End of life decisions are never easy. Advances in medicine enable clinicians to resuscitate and keep patients alive in intensive care. But it can often bring two principles into conflict: the duty to preserve life and the duty to do no harm.  One might assume it is always better for a clinician to treat a patient; but to treat badly is not in the interest of the patient or of their close relatives. Sometimes it is better to withdraw treatment that seeks to combat illness and then to move to palliative care; to reduce pain, minimise suffering, and allow the patient to die peacefully and in dignity. When tre…

Bah humbug to you too Mr Shelbrooke MP!

'Tis the season of goodwill. Bah humbug! From a political perspective 2012 has been defined by a certain kind of nastiness. It all started so well. We were all 'in it together'; austerity that is. We would all share the pain. But in 2012 it is clear we are not 'all in it together'.  Far from it.  Some big companies don't pay tax at all, yet rely on state-subsidised wages. The rich it seems pay tax on a voluntary basis, because if you tax them then they don't pay it. This was Mr Cameron's Christmas lesson for Mr Miliband. The poor on the other hand are a different matter. One thing we know already about 2013 is that the rich are set to get richer and the poor are set to get poorer. And what will happen to Tiny Tim?

This is the season of goodwill. A season to be jolly. And also a season to reflect on our fortune and the misfortune of others. So up pops Tory MP Alec Shelbrooke with the idea that those on welfare benefits should be given cash cards instead …

The WOWpetition; time for fairness for the sick and disabled

A new war against poverty has been launched in the form of a petition. The WOWpetition calls for the repeal of the Welfare Reform Act and its pernicious attack on those receiving disability benefits. If you believe in fairness I urge you to sign this petition. It is a reasonable petition.  It calls for a debate. It asks parliament to reconsider.  It asks for an assessment of the impact of the government's welfare reforms on the sick and disabled. The British Medical Association has expressed its concerns about the impact of work assessments and the role doctors are being asked to play if employed by ATOS, the company contracted to do the assessments. I have considered in a previous post the cruelty and unethical nature of the disability assessments.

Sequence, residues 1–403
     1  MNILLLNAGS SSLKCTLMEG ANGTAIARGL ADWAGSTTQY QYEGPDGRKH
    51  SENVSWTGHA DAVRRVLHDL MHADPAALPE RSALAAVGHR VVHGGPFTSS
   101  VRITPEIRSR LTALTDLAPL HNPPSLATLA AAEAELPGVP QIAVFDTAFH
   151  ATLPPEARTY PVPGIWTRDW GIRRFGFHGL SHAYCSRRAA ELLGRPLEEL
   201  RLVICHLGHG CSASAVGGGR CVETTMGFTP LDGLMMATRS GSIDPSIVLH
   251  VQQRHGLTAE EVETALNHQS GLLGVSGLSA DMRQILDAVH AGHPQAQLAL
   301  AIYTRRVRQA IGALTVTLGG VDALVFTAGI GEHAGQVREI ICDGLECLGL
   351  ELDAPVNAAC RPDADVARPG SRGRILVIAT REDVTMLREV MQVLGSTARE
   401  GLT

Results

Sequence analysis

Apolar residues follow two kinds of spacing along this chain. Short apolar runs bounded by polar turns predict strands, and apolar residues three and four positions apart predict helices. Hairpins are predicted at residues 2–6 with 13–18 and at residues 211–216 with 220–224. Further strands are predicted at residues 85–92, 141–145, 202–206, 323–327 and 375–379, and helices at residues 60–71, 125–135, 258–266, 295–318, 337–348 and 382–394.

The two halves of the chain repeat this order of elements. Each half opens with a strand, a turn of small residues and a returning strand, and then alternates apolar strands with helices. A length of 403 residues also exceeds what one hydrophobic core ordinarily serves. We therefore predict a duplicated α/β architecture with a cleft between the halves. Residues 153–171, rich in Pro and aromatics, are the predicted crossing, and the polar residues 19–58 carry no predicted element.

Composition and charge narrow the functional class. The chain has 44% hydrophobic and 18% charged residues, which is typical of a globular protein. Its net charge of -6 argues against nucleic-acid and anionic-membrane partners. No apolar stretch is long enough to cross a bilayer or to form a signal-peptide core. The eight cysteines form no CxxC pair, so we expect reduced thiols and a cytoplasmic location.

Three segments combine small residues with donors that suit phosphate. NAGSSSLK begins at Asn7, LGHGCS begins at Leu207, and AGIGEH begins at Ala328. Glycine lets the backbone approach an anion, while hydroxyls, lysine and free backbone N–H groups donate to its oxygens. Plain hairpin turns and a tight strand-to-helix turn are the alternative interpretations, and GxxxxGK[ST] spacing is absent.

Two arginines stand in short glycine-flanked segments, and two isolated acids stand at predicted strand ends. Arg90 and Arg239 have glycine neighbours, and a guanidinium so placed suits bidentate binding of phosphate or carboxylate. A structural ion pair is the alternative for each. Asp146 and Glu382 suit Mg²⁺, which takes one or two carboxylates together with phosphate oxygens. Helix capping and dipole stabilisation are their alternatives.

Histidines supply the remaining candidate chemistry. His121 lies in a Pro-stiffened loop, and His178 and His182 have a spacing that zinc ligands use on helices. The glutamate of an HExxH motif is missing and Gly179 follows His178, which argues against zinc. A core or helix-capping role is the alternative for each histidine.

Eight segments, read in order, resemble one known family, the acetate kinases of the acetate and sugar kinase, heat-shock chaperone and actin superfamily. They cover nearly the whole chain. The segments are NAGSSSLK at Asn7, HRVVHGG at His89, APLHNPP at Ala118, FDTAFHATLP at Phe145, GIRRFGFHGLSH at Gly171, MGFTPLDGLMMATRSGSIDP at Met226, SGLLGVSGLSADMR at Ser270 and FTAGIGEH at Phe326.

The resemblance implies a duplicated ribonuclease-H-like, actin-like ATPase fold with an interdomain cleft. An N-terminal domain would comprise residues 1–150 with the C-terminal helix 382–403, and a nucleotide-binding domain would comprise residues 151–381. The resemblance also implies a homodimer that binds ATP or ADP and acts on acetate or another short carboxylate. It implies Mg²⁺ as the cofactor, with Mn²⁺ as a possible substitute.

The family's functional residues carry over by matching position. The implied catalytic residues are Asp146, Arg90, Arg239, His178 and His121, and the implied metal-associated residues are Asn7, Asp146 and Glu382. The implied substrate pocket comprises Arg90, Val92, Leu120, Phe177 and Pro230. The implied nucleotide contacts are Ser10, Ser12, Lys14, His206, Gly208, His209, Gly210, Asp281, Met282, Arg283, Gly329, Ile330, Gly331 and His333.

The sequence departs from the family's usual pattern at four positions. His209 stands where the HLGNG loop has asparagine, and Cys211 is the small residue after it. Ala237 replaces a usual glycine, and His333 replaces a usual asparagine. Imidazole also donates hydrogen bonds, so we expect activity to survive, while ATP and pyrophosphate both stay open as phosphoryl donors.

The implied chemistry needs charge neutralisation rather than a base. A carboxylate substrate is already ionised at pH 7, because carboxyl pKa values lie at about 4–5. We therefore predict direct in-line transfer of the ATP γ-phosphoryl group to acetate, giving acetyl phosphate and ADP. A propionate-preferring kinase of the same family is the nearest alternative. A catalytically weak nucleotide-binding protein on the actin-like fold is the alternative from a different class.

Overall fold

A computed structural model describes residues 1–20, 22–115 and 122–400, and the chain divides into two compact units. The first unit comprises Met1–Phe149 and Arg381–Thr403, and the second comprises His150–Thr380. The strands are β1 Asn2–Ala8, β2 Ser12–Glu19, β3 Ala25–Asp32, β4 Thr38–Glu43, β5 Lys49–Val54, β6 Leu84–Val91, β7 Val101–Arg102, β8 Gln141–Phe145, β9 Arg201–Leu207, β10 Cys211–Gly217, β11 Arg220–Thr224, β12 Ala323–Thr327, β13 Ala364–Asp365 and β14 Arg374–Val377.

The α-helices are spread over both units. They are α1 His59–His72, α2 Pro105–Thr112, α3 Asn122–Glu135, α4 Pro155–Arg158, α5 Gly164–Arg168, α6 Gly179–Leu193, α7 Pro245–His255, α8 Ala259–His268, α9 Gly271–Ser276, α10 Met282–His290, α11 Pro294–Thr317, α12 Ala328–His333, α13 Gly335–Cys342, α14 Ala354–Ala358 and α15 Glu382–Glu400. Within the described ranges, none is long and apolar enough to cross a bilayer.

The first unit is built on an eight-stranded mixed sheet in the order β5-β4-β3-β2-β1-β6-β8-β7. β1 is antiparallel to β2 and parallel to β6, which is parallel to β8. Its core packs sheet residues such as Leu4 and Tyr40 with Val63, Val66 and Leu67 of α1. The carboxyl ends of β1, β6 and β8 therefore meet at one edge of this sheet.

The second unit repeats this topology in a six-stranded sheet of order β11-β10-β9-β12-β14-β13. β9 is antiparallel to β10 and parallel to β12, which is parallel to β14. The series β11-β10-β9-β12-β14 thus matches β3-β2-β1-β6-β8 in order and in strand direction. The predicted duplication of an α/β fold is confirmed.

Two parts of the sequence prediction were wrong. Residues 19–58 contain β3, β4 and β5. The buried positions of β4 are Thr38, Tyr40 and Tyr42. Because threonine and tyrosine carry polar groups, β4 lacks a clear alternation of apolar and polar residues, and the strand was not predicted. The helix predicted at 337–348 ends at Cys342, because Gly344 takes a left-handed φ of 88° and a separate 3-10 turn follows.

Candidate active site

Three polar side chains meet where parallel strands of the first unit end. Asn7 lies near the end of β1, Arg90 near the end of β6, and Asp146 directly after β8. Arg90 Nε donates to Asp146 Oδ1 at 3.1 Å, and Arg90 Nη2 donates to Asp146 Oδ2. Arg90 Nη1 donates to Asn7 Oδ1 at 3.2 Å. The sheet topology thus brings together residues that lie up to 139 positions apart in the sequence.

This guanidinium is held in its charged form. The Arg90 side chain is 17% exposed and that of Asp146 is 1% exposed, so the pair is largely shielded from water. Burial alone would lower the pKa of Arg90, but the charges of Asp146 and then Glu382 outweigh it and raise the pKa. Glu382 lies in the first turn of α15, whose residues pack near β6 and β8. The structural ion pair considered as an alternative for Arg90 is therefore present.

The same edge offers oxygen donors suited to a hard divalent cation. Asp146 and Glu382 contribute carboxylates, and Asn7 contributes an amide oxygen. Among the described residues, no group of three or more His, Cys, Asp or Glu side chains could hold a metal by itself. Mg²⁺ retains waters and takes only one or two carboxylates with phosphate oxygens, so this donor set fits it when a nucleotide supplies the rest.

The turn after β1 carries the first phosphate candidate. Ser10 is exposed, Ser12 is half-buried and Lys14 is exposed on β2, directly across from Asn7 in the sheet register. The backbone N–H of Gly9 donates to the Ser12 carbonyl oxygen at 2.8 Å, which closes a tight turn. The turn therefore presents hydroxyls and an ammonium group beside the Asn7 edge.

This should not be a party political issue. The criteria and assessment are clearly not working. With over 40% of appeals against the decisions made by ATOS being successful, it is clear that the regime is not working. Hundreds of thou…

Unemploymment down but what lies behind the numbers?

Making sense of the unemployment figures reminds me of the song about the Grand Old Duke of York: "And when they were up, they were up. And when they were down, they were down. And when they were only half way up, they were neither up nor down!"

David Cameron at PMQs today made a great deal of the statistics showing the number of people in work has increased.  Indeed, according the the Office for National Statistics (ONS),  the number of people in work increased slightly in the last quarter to 29.6 million. The increase in number of people employed compared to a year earlier is now an impressive 499,000. Unemployment is down 0.2% compared to a year ago, or 128,000.  Now it doesn't take a mathematical wizard to realise that unemployment will fall as a percentage of the workforce if you make the workforce 'bigger'. A key issue is whether the new jobs are real. More than  20% of the increased employment was accounted for by an increased number of young people on gov…

We need social solutions for social objectives.